A Closer's Mentality
Feb. 17, 2011
COLLEGE PARK, Md. - Chuck Ghysels has all of the tools to be a successful pitcher in the Atlantic Coast Conference. He is experienced, having spent his freshman season at the University of Dayton before transferring to Lincoln Trail College, where he was a National Junior College Athletic Association All-American.
He is skilled, racking up 117 strikeouts and posting a 1.36 ERA at Lincoln Trail and earning a spot on the NJCAA USA Baseball All-Star team that competed in the Netherlands. He has composure, as he allowed only 12 runs in 79 innings of work last season. But what sets Ghysels apart isn't his arm, it's his attitude.
When head coach Erik Bakich first saw Ghysels on campus, he knew immediately that there was something different about his pitcher.
"He showed up on our campus with a six-inch goatee hanging off of his chin, baggy jeans, and a bunch of necklaces that looked like a Mr. T starter kit," said Bakich. "I thought, `this guy has a mentality that fits that of a closer.'"
The goatee is now gone because of team policy, but that does not affect the pitcher's attitude.
"You have to have that edge about you," said Ghysels. "Some people may perceive it as me being extremely confident. I use that to play this game. Having that as an edge on your shoulder helps to come in and close the door."
Ghysels wants to apply the same mentality pitching in the ACC that led him to success at the junior-college level.
"The ACC is definitely a major step up," said Ghysels. "This is as good as it gets. Baseball is faster. Each level you go up it gets faster and faster. But if you can have the mind control to slow the game down and use your routines to take things one pitch at a time, it slows the game down a lot."
Coach Bakich and the rest of the staff have confidence that Gyhsels will be able to make a successful transition this season.
"I think he is a little bit of an anomaly from your typical junior-college kid because he has been at Division I before and he has competed at a very high level representing our country at the junior-college level," said Bakich. "That's what separates him in terms of experience, which is why his transition has been easier."
Ghysels has also been working with coaches to improve his command in preparation for the season. He came in with two strong pitches, a fastball and a slider-curveball, but the coaches are looking to add a changeup to his arsenal. They would also like to see Ghysels be more accurate with his pitch location.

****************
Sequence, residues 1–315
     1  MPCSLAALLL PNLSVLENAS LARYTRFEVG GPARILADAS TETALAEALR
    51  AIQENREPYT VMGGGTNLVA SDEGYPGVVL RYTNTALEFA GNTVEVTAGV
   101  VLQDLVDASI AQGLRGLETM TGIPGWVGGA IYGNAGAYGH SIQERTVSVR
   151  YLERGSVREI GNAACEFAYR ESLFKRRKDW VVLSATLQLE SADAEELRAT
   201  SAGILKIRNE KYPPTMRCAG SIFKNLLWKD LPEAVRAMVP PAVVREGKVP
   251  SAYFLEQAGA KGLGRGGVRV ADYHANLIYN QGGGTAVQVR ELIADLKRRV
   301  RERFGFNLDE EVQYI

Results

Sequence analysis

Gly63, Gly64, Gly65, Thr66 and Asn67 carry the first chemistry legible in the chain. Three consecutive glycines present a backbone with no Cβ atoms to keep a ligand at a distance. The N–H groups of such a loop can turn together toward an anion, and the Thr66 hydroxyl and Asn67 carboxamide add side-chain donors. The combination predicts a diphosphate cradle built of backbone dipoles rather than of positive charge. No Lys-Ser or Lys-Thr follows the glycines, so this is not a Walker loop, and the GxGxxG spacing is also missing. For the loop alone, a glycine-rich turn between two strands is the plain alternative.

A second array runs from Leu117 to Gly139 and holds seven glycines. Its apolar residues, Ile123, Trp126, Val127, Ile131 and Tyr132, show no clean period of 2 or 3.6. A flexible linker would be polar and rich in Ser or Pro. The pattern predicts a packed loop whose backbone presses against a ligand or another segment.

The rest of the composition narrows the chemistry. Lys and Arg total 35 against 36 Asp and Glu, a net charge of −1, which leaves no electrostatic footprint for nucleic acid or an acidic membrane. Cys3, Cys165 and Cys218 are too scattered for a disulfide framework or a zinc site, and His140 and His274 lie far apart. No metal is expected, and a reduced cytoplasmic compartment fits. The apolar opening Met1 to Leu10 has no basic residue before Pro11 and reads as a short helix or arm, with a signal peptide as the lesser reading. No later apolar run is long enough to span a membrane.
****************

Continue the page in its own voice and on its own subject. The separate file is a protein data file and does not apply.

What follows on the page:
"At the junior-college level I was `wildly effective,' but here I am looking to hit my spots and add more movement to my pitches," said Ghysels. "It's been coming along very well."
With the added work, the coaches will look to call on Ghysels in tough situations. Bakich noted that Ghysels will be one of two pitchers coming into games late to close.
"He is a hard worker and a real competitor," said Bakich. "He is going to be pitching in some tight jams and some big roles, but we expect a lot of big things out of Chuck this year."
Ghysels, who was a 36th-round selection by the Cincinnati Reds in last year's MLB Draft, is ready to get the season started with the Terps. He is excited to showcase his abilities on the mound, but also to prove doubters wrong about this year's team.
"The projections are that we aren't going to finish around the top," said Ghysels. "I don't believe that. There is no reason why we can't finish near the top. We have a lot of talent and dedication in this group. Literally, I've never been around a harder-working team in my life, in the weight room and on the field. We have a few clowns on the team, but you need that at times to lighten it up. When it comes down to it, I don't think this is a rebuilding year."
And when Ghysels heads to the mound for the first time in College Park, he'll have a song playing that matches his closer's mentality.
"I'm going to walk out to "Bad Company" by Five Finger Death Punch. My best friend is in the Special Forces and I saw him over Christmas break. I had liked the song before, but he told me that when he flies out on the chopper that's the song they play. I grew up with him, and he is really close to me. That's what I'll be walking out to."